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Murder » What is "heat of passion" in Colorado murder and manslaughter cases?
A “heat of passion” killing is one where a person kills another in a fit of unpremeditated rage that a reasonable person would feel under the circumstances. “Heat of passion” killings used to be categorized as a kind of Colorado manslaughter crime. But now it is classified as a type of second-degree murder crime in Colorado.
The classic example of a “heat of passion” killing is a person unwittingly walking in on his/her spouse in bed with another person, being overcome by emotion, and instantly killing them. There is no “cooling off” period between being provoked and inflicting the fatal blows. If there were a cooling off period, then the killing would become premeditated and calculated instead of merely fueled by unbridled passion.
“Heat of passion” killings are a type of second-degree murder in Colorado. Formerly, “heat of passion” killings were a kind of manslaughter, which is punished less harshly than murder. However, “heat of passion” killings do carry lesser penalties than other types of second-degree murders:
Second-degree murder is typically classified as a class 2 felony, carrying a sentencing range of
Meanwhile, killings done in the heat of passion are only a class 3 felony, carrying a sentencing range of:
Therefore, defendants convicted of second-degree murder who can show they killed in the “heat of passion” will get a lower sentence than those who had a sufficient cooling off period before the killing. In short, killing in the “heat of passion” is a mitigating factor in second-degree murder sentencings.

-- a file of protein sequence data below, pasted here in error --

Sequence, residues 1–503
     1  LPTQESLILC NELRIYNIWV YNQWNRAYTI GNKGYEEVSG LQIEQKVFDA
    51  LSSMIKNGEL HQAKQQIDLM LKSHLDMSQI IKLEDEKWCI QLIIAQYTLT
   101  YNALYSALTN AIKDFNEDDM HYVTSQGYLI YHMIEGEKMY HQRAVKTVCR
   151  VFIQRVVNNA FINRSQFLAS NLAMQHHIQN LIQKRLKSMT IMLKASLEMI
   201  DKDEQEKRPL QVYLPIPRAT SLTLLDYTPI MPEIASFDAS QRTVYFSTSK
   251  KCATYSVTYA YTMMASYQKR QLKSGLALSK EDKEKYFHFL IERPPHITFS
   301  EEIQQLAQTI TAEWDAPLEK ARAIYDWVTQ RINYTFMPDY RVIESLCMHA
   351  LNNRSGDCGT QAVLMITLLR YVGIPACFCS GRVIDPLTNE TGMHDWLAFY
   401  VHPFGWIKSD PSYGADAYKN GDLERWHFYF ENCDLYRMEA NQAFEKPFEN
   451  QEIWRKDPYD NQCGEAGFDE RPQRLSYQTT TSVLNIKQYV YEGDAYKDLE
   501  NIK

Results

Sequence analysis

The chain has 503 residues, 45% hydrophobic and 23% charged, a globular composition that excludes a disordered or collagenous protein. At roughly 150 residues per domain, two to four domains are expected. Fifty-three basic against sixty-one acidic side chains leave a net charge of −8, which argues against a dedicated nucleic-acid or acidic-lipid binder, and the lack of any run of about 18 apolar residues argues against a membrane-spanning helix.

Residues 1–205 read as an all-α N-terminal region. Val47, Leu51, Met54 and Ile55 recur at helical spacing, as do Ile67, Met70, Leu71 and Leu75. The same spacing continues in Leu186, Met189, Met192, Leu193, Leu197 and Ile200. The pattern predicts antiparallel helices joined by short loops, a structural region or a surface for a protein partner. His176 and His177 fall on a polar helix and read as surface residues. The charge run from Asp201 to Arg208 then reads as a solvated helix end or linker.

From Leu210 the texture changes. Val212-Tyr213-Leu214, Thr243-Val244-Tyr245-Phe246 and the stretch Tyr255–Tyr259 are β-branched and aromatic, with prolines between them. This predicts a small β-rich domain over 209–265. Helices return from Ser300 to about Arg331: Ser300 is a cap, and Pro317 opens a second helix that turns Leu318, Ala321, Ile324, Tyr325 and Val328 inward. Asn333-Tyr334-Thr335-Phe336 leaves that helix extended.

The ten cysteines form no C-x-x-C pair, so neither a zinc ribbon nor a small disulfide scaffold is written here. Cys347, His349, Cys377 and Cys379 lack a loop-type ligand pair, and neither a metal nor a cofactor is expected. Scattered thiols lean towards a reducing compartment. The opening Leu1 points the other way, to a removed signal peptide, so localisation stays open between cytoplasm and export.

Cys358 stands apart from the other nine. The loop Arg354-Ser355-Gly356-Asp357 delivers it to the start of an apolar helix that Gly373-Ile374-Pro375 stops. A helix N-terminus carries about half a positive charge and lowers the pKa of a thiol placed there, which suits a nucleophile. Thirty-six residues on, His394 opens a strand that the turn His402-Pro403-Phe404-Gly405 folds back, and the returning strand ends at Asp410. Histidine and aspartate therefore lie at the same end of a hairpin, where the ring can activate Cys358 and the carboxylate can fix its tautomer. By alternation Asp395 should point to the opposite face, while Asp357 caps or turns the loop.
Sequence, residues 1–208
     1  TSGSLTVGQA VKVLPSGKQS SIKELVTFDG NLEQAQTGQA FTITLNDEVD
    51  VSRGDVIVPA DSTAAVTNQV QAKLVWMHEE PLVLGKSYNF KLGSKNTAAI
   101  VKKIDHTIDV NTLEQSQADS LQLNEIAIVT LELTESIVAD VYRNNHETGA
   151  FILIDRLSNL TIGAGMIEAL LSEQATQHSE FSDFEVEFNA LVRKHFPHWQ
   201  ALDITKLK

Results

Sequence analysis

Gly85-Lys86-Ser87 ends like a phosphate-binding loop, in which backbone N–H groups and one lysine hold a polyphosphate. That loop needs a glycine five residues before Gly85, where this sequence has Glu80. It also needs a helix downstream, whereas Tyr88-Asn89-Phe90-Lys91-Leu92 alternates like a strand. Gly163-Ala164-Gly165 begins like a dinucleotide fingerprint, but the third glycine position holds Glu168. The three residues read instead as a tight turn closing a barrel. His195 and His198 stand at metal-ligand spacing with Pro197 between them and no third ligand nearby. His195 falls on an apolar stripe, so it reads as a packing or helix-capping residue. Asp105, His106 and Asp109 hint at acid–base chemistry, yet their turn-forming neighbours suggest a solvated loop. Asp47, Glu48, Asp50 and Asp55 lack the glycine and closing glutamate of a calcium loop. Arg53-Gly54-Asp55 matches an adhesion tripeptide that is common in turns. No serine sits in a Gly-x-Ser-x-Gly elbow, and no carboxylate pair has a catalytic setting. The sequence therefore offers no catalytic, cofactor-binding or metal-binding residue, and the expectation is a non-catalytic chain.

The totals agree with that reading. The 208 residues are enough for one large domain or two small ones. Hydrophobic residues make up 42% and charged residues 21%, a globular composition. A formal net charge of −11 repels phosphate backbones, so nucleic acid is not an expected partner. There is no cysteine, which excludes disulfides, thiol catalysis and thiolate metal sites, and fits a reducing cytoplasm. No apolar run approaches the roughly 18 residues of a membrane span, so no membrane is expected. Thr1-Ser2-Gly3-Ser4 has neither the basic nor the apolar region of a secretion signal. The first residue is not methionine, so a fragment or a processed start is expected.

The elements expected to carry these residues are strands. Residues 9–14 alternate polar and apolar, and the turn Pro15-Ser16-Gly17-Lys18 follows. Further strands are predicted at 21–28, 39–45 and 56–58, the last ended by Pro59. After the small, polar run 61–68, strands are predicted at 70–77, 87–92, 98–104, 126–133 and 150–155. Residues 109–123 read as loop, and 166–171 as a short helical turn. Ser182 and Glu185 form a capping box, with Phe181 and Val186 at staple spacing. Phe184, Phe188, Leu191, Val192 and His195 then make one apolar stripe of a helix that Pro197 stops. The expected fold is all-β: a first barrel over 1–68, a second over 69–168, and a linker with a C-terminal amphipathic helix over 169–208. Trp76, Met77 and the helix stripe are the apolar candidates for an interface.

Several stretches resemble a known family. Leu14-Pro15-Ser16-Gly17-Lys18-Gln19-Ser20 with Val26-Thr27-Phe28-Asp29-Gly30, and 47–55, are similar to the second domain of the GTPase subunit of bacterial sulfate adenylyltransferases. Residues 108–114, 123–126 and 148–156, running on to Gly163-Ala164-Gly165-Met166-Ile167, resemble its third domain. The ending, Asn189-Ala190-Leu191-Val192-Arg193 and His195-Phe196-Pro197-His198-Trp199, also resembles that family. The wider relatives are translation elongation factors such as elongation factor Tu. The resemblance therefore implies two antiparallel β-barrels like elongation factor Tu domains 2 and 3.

The specific facts of each case determine which defense strategies would be most efficacious. Depending on the circumstances, defendants charged with second-degree murder in Colorado may try to fight the charges with either of the following arguments:
Note that it may be possible to plea bargain murder charges down to a manslaughter charge or criminally negligent homicide.
1) A person commits the crime of murder in the second degree if the person knowingly causes the death of a person.
(2) Diminished responsibility due to self-induced intoxication is not a defense to murder in the second degree.
(a) Except as otherwise provided in paragraph (b) of this subsection (3), murder in the second degree is a class 2 felony.
(b) Notwithstanding the provisions of paragraph (a) of this subsection (3), murder in the second degree is a class 3 felony where the act causing the death was performed upon a sudden heat of passion, caused by a serious and highly provoking act of the intended victim, affecting the defendant sufficiently to excite an irresistible passion in a reasonable person; but, if between the provocation and the killing there is an interval sufficient for the voice of reason and humanity to be heard, the killing is a class 2 felony.
(4) A defendant convicted pursuant to subsection (1) of this section shall be sentenced by the court in accordance with the provisions of section 18-1.3-406 .
Michael Becker has over a quarter-century's worth of experience as an attorney and more than 100 trials under his belt. He is a sought-after legal commentator and is licensed to practice law in Colorado, Nevada, California, and Florida.
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